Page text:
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Receta de Zacahuil Para Hacer en Casa/Zacahuil Recipe to Make at Home

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The first time I ever ate Zacahuil was in a market in Panuco, Veracruz. This was back when my brothers and I used to spend the summer at my grandma’s farm. My uncle used to go to the market every Sunday, and one time, when I was about 10 years old, he took me with him. I can still remember to this day looking at all the colors of the vegetables on display, while my uncle chatted with the owner of the grocery store. As I held his hand, I used to watch all the people passing by, with everything around me filled with life and color. After we were done running errands, my uncle took me to have lunch. That was when I first saw it, the Zacahuil, a tamal as big as myself.

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Photo Courtesy of La Retama Verzcruz Blog
A “Zacahuil” is a large tamal about 4-6 feet long and is cooked in a wood oven. It is popular in the Huastec Region, formed by the states of San Luis Potosi, Hidalgo, Tamaulipas, Veracruz, and even the State of Queretaro, where it is commonly sold on the weekends at the local markets, or cooked for weddings and other special events. The dough has a course texture, and the Zacahuil is usually filled with either pork or a mixture of pork, chicken, or turkey. The recipe for the sauce, which is made with dry peppers, varies from region to region. It is always wrapped in banana leaves or other local plant leaves. A Zacahuil is served to customers on a plate and is eaten with a spoon.
This is my own version of a Zacahuil made at home and using what we have available here in the States. If you live in a state where fresh masa is sold, use that instead; make sure to ask the vendor for course ground masa for tamales.
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Makes 12 servings
Ingredients:
  • 2 Lbs. Pork Pulp cut in cubes about 1/2 in.
  • 1/2 large white onion roasted
  • 6 garlic cloves roasted
  • 6 Guajillo Peppers
  • 10 Ancho Peppers
  • 4 Morita Peppers
  • 2 Pounds Corn Dough *(See notes)
  • 2 1/2 cups of lard (or vegetable oil)
  • 4 Tsp. Baking Powder
  • 2 cups chicken broth
  • Salt to taste
  • 2 large banana leaves fresh or defrosted (if using the frozen ones)
  • 1 large Turkey Size oven baking bag
Directions:
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1. Clean and devein the dried peppers and place in a bowl with warm water. Let them soak there for about 30 minutes or until they’re soft. If you prefer to roast the peppers before placing them in warm water, do so on an ungreased skillet, like they do in some parts of Mexico.
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2. Drain the peppers, reserving the water. Place the peppers, roasted onion, garlic cloves and some of the soaking water in the blender. Process until you have a smooth puree. Pass the sauce through a fine sieve if needed to obtain a uniform texture.
3. Meanwhile, mix the (Masa) corn dough with the lard, chicken broth, baking powder and 1/2 cup of the pepper sauce and beat with your hands until it resembles a thick batter (if you have a Kitchen Aid, use it to do the work for you).
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4. Clean the bananas leaves with a wet paper towel and run the leaves slowly over a medium flame. The leaf will turn shiny and become soft and pliable.
5. Slowly run the banana leaves over the gas or electric stove as seen HERE to make them pliable. Cover a 9” X 13” baking dish or other rectangular oven proof dish with the leaves, leaving the excess part of the leaves draping outside the dish like flaps to cover the top part of the Zacahuil. Spread half of the prepared batter of (masa) corn dough at the bottom of the dish. After that, spread with the uncooked pork meat pieces, cover with the pepper sauce, and add the remaining half of the dough, spreading evenly. Fold the hanging banana leaves flaps, like if you were wrapping a package.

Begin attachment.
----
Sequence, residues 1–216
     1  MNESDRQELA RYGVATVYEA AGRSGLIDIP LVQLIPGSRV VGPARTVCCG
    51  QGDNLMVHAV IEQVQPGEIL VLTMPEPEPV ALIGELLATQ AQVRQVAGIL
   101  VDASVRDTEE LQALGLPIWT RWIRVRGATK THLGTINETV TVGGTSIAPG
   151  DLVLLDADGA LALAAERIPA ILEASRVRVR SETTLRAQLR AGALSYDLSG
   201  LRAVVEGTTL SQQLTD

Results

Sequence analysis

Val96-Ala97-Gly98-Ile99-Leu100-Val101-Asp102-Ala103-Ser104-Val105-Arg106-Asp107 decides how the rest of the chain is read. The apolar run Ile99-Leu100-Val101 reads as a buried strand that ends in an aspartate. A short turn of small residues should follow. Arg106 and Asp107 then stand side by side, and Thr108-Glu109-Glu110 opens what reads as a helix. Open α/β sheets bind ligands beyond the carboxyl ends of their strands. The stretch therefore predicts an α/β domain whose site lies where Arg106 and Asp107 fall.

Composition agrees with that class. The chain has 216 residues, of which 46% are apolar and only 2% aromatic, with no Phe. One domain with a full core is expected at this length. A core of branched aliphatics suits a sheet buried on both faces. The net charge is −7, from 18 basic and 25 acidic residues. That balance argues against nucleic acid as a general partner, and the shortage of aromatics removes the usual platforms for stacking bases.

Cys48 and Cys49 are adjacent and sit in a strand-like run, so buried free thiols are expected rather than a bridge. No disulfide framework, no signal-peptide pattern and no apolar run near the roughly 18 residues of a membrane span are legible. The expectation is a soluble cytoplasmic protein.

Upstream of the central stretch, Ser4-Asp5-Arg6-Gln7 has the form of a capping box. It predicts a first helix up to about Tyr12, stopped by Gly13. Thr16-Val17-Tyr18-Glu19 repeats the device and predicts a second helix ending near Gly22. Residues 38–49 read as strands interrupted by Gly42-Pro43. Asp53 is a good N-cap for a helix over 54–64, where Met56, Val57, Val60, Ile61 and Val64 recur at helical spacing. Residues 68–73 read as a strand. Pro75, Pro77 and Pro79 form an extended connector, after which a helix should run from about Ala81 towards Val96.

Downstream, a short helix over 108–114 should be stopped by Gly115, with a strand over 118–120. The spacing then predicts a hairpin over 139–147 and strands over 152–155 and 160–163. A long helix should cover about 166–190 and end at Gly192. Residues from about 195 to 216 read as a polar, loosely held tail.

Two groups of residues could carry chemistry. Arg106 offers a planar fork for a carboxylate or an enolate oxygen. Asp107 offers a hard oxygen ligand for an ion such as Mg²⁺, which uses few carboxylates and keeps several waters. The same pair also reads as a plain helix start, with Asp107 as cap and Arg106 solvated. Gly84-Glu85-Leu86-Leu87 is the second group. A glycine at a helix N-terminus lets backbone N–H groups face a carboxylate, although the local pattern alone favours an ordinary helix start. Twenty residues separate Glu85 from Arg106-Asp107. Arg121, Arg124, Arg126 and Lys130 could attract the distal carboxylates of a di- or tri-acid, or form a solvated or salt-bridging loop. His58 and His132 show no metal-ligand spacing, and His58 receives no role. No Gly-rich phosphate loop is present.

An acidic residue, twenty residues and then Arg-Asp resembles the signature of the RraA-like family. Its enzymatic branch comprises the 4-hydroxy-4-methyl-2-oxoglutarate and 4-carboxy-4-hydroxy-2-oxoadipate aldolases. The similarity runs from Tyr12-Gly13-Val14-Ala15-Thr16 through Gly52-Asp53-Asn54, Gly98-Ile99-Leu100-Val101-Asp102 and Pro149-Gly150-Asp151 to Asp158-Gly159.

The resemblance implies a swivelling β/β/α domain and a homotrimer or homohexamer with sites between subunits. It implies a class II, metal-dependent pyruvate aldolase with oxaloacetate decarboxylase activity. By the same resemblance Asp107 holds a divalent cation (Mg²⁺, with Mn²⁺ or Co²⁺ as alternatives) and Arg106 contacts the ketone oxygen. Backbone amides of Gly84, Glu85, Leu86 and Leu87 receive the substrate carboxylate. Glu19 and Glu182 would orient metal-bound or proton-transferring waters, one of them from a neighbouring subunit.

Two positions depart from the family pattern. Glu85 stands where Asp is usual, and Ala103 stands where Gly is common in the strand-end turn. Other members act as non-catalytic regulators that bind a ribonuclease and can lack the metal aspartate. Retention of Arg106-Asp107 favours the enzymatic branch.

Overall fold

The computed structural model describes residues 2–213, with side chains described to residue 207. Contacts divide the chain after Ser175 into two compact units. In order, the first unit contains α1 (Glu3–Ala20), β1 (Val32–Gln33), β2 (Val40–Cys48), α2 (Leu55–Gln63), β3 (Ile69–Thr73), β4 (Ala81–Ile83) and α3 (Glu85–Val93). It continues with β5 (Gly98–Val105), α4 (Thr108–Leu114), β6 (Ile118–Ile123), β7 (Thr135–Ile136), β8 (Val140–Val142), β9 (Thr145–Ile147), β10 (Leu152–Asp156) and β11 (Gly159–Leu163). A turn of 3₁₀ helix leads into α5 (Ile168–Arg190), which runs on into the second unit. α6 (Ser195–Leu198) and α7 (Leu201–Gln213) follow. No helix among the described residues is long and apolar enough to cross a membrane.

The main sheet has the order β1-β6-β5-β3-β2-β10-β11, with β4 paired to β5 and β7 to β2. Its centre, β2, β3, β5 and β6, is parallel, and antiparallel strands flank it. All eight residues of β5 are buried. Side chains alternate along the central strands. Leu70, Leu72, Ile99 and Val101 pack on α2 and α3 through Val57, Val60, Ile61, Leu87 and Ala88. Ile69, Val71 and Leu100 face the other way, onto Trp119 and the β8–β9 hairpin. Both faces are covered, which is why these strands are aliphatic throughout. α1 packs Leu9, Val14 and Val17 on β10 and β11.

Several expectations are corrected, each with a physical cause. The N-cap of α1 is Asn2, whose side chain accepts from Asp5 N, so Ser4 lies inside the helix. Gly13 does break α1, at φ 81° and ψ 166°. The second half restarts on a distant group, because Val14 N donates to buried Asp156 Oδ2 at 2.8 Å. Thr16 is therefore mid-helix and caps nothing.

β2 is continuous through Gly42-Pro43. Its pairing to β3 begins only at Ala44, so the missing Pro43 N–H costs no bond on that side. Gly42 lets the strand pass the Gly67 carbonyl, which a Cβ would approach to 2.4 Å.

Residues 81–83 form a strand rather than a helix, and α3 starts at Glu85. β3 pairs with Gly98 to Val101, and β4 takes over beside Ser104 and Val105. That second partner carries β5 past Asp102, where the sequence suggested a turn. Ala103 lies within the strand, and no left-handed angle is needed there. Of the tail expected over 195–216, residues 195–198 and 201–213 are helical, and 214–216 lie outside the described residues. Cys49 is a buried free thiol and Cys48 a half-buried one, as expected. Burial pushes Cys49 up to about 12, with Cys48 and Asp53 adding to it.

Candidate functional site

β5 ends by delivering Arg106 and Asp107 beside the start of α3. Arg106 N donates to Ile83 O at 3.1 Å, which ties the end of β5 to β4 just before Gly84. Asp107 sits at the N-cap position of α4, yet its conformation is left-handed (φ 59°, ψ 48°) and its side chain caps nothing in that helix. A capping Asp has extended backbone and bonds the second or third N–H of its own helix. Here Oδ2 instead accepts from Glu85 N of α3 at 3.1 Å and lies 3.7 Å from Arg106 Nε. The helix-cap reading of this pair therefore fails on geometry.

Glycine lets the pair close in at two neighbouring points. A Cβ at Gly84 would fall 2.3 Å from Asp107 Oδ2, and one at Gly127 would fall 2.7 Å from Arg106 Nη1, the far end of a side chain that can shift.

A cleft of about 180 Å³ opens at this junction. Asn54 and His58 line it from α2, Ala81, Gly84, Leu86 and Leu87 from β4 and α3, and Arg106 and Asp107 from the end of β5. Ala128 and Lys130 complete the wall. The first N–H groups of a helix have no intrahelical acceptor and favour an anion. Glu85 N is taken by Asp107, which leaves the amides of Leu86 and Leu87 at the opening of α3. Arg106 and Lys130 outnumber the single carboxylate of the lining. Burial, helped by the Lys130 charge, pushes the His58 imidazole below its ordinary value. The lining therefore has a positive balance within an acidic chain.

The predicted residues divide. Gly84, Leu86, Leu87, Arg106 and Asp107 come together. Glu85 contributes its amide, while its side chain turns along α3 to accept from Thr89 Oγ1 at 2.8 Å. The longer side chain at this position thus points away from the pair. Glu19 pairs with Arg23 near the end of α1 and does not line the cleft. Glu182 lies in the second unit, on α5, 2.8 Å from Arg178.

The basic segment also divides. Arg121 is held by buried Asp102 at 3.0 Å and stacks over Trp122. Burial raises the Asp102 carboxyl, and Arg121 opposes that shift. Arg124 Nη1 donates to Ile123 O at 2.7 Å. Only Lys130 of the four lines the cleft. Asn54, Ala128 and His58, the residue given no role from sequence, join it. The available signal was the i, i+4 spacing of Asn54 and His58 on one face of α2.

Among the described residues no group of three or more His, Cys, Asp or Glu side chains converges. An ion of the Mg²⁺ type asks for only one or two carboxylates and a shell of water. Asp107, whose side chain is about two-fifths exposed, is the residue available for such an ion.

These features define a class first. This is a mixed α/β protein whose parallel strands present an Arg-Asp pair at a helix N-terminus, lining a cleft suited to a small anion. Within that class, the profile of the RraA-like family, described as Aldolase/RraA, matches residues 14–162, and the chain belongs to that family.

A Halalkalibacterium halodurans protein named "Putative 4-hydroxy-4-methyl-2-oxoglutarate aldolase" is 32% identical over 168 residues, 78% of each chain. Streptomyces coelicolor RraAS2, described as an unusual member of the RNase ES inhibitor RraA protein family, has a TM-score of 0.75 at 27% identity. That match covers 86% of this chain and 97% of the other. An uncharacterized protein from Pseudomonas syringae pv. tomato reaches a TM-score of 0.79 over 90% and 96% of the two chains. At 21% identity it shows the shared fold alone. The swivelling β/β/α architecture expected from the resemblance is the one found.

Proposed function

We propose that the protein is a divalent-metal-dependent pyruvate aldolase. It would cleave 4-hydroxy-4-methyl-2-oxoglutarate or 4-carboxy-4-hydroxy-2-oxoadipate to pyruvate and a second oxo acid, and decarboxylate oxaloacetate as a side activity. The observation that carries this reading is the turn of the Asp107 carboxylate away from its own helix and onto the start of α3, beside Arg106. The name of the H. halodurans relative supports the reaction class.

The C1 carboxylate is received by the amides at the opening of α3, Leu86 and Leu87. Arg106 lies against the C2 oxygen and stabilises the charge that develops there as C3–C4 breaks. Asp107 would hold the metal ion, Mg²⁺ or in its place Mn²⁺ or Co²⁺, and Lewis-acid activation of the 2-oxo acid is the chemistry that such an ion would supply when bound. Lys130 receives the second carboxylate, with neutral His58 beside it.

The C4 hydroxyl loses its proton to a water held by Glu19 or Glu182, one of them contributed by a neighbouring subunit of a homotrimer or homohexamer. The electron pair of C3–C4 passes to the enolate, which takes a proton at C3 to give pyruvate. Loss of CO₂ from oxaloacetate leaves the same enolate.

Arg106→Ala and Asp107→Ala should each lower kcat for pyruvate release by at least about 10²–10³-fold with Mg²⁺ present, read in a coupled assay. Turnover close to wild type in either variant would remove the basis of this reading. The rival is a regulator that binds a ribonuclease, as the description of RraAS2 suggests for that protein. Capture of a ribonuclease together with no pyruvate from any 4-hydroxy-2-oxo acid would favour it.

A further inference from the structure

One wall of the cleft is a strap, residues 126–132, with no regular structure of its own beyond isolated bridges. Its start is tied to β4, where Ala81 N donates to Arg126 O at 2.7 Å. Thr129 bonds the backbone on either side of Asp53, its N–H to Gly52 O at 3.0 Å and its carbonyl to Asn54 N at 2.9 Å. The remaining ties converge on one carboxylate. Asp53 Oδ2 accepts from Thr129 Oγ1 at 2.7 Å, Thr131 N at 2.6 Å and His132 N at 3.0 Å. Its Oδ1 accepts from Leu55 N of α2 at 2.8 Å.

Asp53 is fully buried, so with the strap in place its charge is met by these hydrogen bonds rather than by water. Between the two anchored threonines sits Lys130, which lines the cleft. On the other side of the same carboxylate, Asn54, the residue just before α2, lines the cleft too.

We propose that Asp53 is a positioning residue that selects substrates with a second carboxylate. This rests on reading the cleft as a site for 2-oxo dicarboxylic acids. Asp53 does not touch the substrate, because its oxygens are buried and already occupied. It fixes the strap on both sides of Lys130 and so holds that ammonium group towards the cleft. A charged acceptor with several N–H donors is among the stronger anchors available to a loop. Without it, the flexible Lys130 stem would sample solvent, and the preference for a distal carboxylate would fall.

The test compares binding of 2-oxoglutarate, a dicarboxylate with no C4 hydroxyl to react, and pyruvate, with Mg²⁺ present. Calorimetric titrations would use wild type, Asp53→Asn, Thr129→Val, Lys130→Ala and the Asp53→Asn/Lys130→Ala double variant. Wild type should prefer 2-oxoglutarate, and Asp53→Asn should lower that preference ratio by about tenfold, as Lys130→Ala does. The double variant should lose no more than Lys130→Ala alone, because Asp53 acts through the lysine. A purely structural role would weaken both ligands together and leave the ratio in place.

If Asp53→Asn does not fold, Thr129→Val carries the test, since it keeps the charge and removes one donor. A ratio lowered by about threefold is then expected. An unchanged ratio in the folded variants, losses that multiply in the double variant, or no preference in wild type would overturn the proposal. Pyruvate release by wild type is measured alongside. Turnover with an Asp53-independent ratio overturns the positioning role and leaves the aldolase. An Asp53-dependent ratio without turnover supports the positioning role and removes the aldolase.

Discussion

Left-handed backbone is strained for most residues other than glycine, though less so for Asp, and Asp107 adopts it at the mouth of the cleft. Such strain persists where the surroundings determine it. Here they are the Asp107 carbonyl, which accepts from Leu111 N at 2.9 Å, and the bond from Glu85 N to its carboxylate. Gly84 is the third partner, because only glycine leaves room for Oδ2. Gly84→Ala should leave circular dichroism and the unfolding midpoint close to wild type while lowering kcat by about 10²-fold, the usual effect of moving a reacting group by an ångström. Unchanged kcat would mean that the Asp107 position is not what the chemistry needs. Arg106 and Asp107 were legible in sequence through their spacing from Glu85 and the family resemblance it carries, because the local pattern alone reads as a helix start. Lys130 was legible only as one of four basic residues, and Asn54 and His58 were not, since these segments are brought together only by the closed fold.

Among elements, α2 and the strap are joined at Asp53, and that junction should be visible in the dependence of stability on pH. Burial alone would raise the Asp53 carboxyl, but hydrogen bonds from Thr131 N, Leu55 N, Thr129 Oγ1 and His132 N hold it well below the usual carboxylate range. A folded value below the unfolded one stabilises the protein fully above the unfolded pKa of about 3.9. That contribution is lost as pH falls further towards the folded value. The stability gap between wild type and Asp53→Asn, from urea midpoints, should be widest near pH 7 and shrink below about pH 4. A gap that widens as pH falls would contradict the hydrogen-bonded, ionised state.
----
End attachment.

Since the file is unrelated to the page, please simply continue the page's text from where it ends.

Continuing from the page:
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6. Now, place the whole baking dish inside the Oven Baking Bag and close. Place it in a preheated oven at 350 degrees for about 2 1/2 hours. The leaves will release a slight smoky flavor while baking. After this time, open the bag and check if the meat is done. The corn dough should have a golden crust in the outside areas and the inside will be a little bit soft. If it needs more baking, cover and return to the oven for a few more minutes.
When done, remove the bag and let stand for about 15-20 minutes to wait for the dough to firm up a little bit more.
Zacahuil7 The Zacahuil is served on plates that have a little piece of a fresh banana leave on them and is eaten with a spoon. Some people add pickled jalapeños and carrots.
Notes:
* Prepare the (Masa) corn dough  mixing 5 cups of corn masa harina for Tamales with 5 cups of chicken broth or water.
** You can also add chicken cut in pieces.
Provecho!
Mely

















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32 comments:

  1. OMG! pense que era una broma eso de "Zacahuil" mi esposo siempre le dice así al perro cuando esta jugando con el "ven para aca zacahuil travieso" jajaja, y ahora veo de lo que se trata.

    Gracias por ilustrarme con esta información tan valiosa, y por supuesto con tan rica receta.

    Saludos!

    ReplyDelete
    Replies
    1. Todavia me estoy riendo con lo del perro.
      Feliz Semana Ruth!

      Mely

      Delete
    2. Hola hola,Mely y saludos desde el estado de Arkansas,, a mi me gusta mucho el zacahuil yo soy de la huasteca potosina, y me gustaria saber si tienes esta pagina en el idioma espanol ya q me gustaria preparar esta receta, ...gracias!!! :)

      Delete
    3. Hola Gerardo,

      Tengo mi blog en español: Mexico en mi cocina. Pero aún no tengoe sa receta al español. Por mientras usa la herramienta de traducción que se encuentra arriba en la columna de la derecha. Es el traductor de google y hasta ahorita creo es el que mejor traduce al español.